The Bears have shown tremendous patience in many tough games where they trust their game strategy and remain collected. They don’t break down at the first sign of trouble, and they are okay with allowing a few goals in order to stay on their game, because doing so has brought them a lot of success this season. From tournament to tournament, it was very obvious that they worked very hard to improve upon what they already knew as their main priority, and they incorporated new strategies or made changes as a second priority. Innovation and change are both good, especially in a sport that is still in its infancy, but many times this results in teams or players essentially trying to run before learning how to walk. Baylor demonstrated that a strong drive to remain focused on a high level team strategy will bring about a lot of success.

 

It wasn't Asher King Abramson's arm that carried UCLA, but the way he worked seamlessly with his team. Credit: Lauren Carter

It wasn’t Asher King Abramson’s arm that carried UCLA, but the way he worked seamlessly with his team. Credit: Lauren Carter

UCLA – Teamwork

Teamwork is a much more complex element than people understand because it is assumed that a team must inherently employ teamwork. This belief, oddly enough, is not always so tautologically true, as many people might recognize when they really analyze whether a team is a full functioning unit or just a group of skilled individuals. The difference is that a true team will have a singular purpose everyone understands and works towards together, and a group of individuals will all have their own purposes and not be as concerned with what their teammates are doing.

UCLA displayed an immense amount of teamwork in their playing at World Cup, as did many teams this year, as people have begun to realize that a handful of players can’t carry a team that far anymore. However, UCLA was truly unique in their ability to incorporate their beating and chasing games together so smoothly. Many teams allow much of the beating and chasing game to remain separate in terms of strategy, and sometimes it’s like there are two games going on at once. The Bruins did an amazing job of incorporating their beaters and chasers into every aspect of the game, and adapting as a team to any challenges they faced. It was extremely evident that every player supported and trusted his or her teammates completely. This type of trust is absolutely necessary when playing a team sport, because there comes a point when a few individual players won’t make the difference anymore, and selfish playing and lack of trust will destroy a good team very quickly.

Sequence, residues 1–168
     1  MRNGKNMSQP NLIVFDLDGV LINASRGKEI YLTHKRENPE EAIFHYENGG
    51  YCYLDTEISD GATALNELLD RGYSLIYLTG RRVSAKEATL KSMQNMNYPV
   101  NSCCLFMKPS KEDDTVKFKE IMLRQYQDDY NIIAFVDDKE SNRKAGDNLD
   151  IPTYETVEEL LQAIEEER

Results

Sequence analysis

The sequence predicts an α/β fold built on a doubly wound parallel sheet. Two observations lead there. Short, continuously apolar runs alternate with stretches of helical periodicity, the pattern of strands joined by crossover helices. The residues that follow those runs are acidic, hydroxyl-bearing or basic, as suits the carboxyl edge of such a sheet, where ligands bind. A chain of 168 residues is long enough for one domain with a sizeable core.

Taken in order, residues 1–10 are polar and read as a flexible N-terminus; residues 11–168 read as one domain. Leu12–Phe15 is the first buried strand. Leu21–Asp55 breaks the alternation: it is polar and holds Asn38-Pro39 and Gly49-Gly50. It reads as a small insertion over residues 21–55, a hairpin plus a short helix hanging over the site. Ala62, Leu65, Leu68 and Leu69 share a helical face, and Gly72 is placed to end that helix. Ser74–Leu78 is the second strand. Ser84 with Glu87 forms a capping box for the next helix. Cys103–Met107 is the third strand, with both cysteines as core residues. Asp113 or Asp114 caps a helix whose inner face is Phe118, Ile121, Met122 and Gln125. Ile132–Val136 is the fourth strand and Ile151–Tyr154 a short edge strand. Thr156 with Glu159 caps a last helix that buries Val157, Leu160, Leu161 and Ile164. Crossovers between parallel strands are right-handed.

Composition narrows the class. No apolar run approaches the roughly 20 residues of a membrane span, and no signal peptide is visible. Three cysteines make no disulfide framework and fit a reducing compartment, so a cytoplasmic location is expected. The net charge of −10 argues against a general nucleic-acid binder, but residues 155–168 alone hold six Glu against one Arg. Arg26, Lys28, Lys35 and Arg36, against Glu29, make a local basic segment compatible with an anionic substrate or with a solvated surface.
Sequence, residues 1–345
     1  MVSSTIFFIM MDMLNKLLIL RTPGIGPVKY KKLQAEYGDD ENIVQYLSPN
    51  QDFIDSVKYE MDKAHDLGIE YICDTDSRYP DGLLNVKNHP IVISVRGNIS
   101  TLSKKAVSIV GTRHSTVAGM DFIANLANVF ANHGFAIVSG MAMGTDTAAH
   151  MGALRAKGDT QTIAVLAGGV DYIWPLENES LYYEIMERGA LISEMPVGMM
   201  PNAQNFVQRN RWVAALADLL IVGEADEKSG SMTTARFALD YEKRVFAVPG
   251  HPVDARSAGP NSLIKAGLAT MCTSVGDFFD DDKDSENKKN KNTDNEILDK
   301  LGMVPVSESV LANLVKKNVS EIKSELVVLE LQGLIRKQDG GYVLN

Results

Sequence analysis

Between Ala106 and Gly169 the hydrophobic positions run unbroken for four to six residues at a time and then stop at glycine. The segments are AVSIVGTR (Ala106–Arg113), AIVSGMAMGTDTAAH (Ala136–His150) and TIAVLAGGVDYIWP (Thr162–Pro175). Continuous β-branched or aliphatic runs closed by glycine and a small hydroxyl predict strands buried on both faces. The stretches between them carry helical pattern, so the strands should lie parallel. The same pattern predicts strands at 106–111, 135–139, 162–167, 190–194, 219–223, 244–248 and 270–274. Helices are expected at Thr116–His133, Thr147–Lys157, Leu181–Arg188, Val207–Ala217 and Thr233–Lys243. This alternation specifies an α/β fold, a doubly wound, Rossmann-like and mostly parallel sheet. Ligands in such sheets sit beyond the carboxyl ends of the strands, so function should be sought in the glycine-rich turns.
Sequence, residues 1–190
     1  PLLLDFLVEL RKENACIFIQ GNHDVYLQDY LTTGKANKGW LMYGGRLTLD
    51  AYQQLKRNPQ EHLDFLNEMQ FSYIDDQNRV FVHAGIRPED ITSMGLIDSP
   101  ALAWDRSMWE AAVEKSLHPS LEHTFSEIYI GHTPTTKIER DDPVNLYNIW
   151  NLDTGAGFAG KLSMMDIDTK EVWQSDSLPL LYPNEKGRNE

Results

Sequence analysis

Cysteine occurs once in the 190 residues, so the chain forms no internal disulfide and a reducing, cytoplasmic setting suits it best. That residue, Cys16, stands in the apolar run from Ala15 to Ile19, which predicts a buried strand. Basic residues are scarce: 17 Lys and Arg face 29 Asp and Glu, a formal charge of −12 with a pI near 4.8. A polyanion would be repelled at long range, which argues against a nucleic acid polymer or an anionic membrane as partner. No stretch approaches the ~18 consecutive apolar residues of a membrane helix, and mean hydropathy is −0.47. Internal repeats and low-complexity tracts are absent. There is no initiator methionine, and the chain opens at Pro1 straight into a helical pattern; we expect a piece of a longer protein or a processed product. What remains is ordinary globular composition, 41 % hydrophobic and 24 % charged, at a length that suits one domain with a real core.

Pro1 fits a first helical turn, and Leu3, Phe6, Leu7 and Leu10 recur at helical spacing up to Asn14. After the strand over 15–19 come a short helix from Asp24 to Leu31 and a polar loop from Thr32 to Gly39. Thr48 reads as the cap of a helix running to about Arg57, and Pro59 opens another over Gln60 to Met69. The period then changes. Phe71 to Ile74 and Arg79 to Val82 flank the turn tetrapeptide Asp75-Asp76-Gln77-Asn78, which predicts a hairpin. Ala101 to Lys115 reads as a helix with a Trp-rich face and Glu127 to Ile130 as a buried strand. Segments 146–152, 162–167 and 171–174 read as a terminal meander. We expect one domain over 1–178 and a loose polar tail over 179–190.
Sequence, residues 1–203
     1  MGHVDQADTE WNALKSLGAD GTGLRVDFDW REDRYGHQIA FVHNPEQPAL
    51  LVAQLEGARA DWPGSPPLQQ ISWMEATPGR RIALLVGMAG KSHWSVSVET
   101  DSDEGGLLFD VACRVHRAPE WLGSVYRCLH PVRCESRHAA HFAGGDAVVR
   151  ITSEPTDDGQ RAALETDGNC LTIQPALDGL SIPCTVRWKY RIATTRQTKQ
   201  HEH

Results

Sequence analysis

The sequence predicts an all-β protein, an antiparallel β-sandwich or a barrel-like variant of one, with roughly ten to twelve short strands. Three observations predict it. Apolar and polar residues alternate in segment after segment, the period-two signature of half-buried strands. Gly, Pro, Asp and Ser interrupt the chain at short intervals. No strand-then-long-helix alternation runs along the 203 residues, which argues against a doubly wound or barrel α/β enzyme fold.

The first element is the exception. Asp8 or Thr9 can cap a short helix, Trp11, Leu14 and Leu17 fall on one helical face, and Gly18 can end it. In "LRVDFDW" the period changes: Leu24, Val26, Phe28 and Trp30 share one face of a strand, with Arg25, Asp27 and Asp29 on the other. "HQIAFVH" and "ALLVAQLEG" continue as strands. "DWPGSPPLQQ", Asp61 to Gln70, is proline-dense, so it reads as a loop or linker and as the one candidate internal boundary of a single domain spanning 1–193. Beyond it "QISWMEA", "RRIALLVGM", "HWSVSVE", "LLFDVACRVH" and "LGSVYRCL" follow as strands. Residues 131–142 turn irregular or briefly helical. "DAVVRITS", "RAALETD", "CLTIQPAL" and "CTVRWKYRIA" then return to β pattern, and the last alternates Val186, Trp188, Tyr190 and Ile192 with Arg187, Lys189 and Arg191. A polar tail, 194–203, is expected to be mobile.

The respect among the UCLA players was astounding, as they never doubted their female players’ ability to make big plays, and every player had a role to fill that contributed to the team’s success. Obviously, the big scorers and tacklers are the ones that typically get the most recognition, but the real root of success are the unsung heroes on every team: the beaters that play smart and force a bad pass without throwing the bludger, the wingman that helps create space on offense and draw away defenders so someone else can score, the defender that marks up so well a pass is never an option to their opponent. UCLA is a great representation of teamwork, because its players understood that they all play an important part in winning, which is the best form of success validation available. Scoring and making big plays can serve as an individual validation of success, but that ultimately means nothing if the team doesn’t win.

 

The hardest working team in the IQA was justly rewarded with a World Cup title. Credit: Lauren Carter

The hardest working team in the IQA was justly rewarded with a World Cup title. Credit: Lauren Carter

University of Texas – Hard Work and Training

The most intrinsic element of any successful team is training and the capacity to practice and constantly improve. Previously, this element has been unfortunately overshadowed in quidditch by uncontrollable outside factors, as we have gone through growing pains and adjustments trying to figure out exactly how quidditch will evolve. This year, however, those factors were much better contained, and the team that put in the most effort towards improvement and practice won it all.

Obviously, Texas has a reputation for having a lot of size, muscle, and general athleticism, but that isn’t how they won World Cup. They woke up at 5:30 in the morning to do Insanity work outs so by their 9th game, the finals against UCLA, they still had enough fight to play a 10th game if necessary. They practiced their basic skills over and over again to the point where their reactions in games were automatic, allowing them to score 1440 total points over the weekend and only give up 310. They trained to go above and beyond perfection with the concept of no ceiling in mind and that they could always be better, which in turn made them the best quidditch team in the world at World Cup VI.

University of Texas put in all the work and fully deserved to reap the benefits. Every loss they suffered earlier this season made them train harder and lose the excuses. Most of them aren’t active in the online community because they focus nearly all their efforts towards becoming better quidditch players with a strict discipline. Miss a practice, you run. Late for practice, you run. Caught drinking a soda before a tournament, you don’t start. This intensity might not be for everyone, but from here on out a new age is dawning on the quidditch world, whether people like it or not. If you want to continue and win or start winning, you are going to have to stop talking about wanting to train harder, follow the wise words of Nike, and “Just do it.”